“My family was obviously disappointed in me; the world around us laughed and we were dressed in shame. I became bitter and failed to work. I remember missing some important workshops and international trips because I couldn’t concentrate. I had sleepless nights and to sum it up, I was always sad,” she explains.

But with time, Lindiwe knew the choice was hers, irrespective of her current situation. She still had to be in charge of her future and that of her unborn baby.

 She adds: “I realised I had to pick up the pieces and move forward. My daughter Israel was born and I was fortunate to have my family help me take care of her.”

Talk of single parenting, she had a dose of it and what it feels like during her childhood. Hers was one big family with only a single parent supporting everyone through an average job.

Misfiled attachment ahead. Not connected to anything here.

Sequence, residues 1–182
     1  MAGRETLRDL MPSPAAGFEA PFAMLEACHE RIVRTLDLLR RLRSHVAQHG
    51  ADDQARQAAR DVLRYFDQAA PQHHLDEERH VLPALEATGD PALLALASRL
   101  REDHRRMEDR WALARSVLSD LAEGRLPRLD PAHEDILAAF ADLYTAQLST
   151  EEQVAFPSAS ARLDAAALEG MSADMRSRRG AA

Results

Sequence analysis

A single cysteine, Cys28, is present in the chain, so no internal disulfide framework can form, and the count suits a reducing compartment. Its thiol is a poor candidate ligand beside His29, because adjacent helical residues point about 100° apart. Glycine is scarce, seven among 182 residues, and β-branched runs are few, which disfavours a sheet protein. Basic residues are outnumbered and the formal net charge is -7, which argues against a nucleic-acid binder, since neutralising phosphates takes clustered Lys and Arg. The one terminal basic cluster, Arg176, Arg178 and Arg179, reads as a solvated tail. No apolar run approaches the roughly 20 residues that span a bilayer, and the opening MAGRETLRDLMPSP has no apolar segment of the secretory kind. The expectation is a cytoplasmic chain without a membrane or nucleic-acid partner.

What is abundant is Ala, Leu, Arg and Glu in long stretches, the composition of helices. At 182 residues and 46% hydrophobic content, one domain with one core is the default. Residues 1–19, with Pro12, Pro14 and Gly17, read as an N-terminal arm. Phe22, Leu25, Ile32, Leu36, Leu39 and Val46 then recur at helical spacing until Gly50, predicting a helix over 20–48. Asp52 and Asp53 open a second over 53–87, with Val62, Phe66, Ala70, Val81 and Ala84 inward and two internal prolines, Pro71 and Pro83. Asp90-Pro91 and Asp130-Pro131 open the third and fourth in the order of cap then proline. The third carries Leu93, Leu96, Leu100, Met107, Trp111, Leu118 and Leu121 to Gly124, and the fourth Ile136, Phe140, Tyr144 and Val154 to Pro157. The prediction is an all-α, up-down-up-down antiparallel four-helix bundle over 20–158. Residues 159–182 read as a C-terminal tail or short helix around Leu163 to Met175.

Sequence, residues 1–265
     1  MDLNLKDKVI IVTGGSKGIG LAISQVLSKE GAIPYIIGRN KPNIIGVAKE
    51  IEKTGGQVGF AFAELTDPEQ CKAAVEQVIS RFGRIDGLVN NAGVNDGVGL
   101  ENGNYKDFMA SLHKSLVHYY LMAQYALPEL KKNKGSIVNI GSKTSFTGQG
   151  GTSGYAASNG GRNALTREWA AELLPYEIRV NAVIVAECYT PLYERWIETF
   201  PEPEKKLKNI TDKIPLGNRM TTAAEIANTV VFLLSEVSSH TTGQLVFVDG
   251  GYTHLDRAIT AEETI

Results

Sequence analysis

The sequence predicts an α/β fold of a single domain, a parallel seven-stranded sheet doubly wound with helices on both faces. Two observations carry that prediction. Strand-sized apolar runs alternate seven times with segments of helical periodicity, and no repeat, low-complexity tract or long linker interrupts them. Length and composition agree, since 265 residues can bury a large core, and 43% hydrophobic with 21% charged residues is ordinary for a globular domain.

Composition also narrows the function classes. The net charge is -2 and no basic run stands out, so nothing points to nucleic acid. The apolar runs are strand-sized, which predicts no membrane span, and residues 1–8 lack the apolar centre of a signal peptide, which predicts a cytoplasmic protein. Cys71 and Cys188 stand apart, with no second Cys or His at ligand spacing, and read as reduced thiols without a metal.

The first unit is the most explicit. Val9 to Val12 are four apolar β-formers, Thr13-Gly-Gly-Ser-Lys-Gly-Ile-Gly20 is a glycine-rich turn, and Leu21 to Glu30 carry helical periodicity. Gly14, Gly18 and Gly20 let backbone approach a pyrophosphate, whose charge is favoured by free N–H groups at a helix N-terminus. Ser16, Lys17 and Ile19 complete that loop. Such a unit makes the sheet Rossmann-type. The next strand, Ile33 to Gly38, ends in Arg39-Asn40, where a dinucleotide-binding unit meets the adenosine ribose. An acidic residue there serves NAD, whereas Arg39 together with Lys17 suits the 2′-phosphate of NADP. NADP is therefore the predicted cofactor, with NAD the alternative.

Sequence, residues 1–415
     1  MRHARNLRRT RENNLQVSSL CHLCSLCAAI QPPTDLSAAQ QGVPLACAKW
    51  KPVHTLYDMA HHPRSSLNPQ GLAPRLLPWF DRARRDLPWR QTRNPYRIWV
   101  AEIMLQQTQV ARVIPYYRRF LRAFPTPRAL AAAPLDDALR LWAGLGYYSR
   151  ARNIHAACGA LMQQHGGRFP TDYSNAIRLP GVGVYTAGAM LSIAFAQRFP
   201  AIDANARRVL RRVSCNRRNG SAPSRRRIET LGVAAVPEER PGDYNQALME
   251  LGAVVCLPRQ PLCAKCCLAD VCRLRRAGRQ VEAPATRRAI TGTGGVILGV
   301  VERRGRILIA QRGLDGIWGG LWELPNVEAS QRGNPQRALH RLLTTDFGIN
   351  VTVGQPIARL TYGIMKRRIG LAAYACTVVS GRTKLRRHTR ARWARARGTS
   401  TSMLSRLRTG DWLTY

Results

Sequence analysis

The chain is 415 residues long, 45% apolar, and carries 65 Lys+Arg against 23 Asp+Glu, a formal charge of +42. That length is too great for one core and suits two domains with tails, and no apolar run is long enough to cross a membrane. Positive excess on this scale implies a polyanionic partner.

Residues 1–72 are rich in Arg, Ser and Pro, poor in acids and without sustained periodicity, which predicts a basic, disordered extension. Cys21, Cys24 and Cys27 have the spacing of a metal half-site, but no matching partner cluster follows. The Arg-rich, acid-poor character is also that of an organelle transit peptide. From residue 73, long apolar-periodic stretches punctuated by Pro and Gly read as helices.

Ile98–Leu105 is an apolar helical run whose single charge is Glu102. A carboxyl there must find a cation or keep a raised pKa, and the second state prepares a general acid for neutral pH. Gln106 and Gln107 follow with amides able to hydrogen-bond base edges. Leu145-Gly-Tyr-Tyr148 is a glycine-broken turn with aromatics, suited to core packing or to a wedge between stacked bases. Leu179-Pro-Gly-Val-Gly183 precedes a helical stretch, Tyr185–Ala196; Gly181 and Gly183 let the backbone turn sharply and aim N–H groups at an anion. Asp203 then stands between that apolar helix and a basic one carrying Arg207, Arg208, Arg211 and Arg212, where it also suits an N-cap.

“That meant attending public schools as we couldn’t even dream of attending private schools; not even a cheap one. I recall us [the children] helping the family earn an income by selling ice lollies [freezes] and second hand clothes.”

Lindiwe went to Lilongwe Primary School and Mwenyekondo in the Capital’s high density residential area of Phwetekere (Area 36) before her parents relocated to Blantyre where she attended Chirimba Primary School.

But with the passage of time, fortunes changed.  Her mum’s small scale business started blossoming. She was operating a tailoring shop and the family later sent her to Carewell Private School and later to Phwezi Girls’ Secondary School from where she obtained her Malawi School Certificate of Education (MSCE).

Of course she reveals all was not rosy as she cites several occasions when she could be sent back over fees.

“Most times, I was the schools’ laughing stock over the fees. We could go to school without pocket money, but my parents, who believed in education a lot, spurred me on.